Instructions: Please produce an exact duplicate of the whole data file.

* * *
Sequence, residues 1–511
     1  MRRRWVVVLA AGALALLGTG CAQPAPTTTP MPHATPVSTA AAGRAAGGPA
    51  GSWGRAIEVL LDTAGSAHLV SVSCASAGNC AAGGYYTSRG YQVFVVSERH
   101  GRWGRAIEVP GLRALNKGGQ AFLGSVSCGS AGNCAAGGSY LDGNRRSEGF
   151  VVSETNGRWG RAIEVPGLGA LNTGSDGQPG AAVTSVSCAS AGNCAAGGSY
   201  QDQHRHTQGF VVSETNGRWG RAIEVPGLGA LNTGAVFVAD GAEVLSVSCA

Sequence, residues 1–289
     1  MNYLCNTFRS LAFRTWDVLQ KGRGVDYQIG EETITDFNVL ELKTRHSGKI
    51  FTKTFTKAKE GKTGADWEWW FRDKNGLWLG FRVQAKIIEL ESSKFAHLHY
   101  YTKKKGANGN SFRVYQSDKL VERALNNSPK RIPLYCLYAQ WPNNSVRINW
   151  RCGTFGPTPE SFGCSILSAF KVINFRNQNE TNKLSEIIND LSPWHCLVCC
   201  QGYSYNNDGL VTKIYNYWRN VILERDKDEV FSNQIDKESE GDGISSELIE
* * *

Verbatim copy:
Sequence, residues 1–511
     1  MRRRWVVVLA AGALALLGTG CAQPAPTTTP MPHATPVSTA AAGRAAGGPA
    51  GSWGRAIEVL LDTAGSAHLV SVSCASAGNC AAGGYYTSRG YQVFVVSERH
   101  GRWGRAIEVP GLRALNKGGQ AFLGSVSCGS AGNCAAGGSY LDGNRRSEGF
   151  VVSETNGRWG RAIEVPGLGA LNTGSDGQPG AAVTSVSCAS AGNCAAGGSY
   201  QDQHRHTQGF VVSETNGRWG RAIEVPGLGA LNTGAVFVAD GAEVLSVSCA

Sequence, residues 1–289
     1  MNYLCNTFRS LAFRTWDVLQ KGRGVDYQIG EETITDFNVL ELKTRHSGKI
    51  FTKTFTKAKE GKTGADWEWW FRDKNGLWLG FRVQAKIIEL ESSKFAHLHY
   101  YTKKKGANGN SFRVYQSDKL VERALNNSPK RIPLYCLYAQ WPNNSVRINW
   151  RCGTFGPTPE SFGCSILSAF KVINFRNQNE TNKLSEIIND LSPWHCLVCC
   201  QGYSYNNDGL VTKIYNYWRN VILERDKDEV FSNQIDKESE GDGISSELIE